July 1, 2019 @ 8:00 AM

Are you a snarky person? What’s a snarky person? A snarky person is one who gives a sarcastic, cutting, or biting response to questions or makes critical, cutting remarks about someone or something. Yes, snarky is a real word. According to the Merriam-Webster dictionary, “Some have questioned whether snarky is a real word. There can be no doubt that it is; the adjective has been recorded in English since 1906. Its original meaning, “crotchety, snappish,” has largely been overtaken, however, by the far more frequently-encountered sense “sarcastic, impertinent or irreverent.”

Some learned to be snarky by growing up in families which made snarky remarks regularly and put others down by belittling them. For them, snarkiness is a normal way of speaking and it is a difficult habit to break. Their default is to speak in snarky terms about others. With the Lord’s help it is a habit which can be broken but not easily or without intentional effort.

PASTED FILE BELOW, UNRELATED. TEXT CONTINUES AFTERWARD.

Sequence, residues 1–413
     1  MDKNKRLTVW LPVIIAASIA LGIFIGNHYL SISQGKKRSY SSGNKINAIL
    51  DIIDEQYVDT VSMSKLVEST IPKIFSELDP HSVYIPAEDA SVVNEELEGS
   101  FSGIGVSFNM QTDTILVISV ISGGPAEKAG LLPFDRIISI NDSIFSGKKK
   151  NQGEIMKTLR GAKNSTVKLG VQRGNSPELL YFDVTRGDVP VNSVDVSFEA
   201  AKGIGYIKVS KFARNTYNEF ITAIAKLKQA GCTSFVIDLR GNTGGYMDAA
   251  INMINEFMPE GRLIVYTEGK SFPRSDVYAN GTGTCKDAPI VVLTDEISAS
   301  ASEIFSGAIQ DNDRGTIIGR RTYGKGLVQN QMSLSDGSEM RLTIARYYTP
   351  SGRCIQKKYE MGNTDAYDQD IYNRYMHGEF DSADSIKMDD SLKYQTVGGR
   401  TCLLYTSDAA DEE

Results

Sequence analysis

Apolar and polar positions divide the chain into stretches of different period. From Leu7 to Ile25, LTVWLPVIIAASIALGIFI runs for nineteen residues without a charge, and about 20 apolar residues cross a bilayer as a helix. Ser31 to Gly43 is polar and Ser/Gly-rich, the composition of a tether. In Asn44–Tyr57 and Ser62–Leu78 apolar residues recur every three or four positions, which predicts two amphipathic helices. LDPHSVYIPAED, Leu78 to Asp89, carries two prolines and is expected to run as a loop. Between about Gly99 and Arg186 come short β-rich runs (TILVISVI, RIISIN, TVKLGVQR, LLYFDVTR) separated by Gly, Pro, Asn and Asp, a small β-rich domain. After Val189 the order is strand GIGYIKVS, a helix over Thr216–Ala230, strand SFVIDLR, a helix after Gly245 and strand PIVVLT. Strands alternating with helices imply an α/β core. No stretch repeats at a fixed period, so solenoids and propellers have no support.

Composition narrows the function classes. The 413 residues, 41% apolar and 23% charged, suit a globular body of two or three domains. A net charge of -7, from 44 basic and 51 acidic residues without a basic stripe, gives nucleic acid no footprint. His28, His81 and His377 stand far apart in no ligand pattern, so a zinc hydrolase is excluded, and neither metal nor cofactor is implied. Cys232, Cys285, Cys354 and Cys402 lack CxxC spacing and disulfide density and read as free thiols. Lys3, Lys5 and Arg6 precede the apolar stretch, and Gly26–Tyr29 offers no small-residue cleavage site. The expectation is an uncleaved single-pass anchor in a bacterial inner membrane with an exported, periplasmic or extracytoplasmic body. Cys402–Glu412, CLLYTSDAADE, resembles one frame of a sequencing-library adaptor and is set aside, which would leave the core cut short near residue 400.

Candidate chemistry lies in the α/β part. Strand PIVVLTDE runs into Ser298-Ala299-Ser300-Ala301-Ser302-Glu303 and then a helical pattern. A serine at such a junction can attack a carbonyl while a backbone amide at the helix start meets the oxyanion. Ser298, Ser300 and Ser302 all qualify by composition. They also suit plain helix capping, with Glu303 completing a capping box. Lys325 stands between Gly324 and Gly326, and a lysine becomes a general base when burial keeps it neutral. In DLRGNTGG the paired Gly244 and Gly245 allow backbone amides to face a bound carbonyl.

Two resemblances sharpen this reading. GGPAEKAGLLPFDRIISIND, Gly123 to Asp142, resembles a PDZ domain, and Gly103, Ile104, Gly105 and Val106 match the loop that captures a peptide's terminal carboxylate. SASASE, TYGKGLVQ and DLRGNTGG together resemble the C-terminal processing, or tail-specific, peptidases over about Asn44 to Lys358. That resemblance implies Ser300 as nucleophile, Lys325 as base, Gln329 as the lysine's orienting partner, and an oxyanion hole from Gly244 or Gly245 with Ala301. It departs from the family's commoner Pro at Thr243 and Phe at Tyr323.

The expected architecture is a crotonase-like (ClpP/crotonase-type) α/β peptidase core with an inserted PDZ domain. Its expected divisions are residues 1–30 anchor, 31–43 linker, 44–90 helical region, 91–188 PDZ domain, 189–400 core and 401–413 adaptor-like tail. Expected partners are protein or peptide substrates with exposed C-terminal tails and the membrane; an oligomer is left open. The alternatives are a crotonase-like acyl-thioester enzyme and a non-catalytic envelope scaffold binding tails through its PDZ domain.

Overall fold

What does God think of snarky speech? He says, “Let no unwholesome word proceed from your mouth, but only such a word as is good for edification according to the need of the moment, so that it will give grace to those who hear” (Ephesians 4:29). God warns us to not speak in snarky terms but rather build others up through our speech. The word “unwholesome” sounds pretty mild, doesn’t it? The Greek word means “rotten or putrid” and is used of fruit that has gone bad. Snarky speech is rotten, putrid, foul-smelling speech that pollutes us and ought not to characterize a Christian.

Finally, consider the term “edification” in that same verse. Originally it meant to construct a building. We are God’s temple. The Holy Spirit dwells in every born again believer. We are His building. He uses the words of others to build us up or tear us down. Which are you, the construction crew or the demolition team? Snarky people populate the demolition team. Don’t join them, their speech stinks!

“Set a guard, O Lord, over my mouth; Keep watch over the door of my lips” (Psalm 141:3),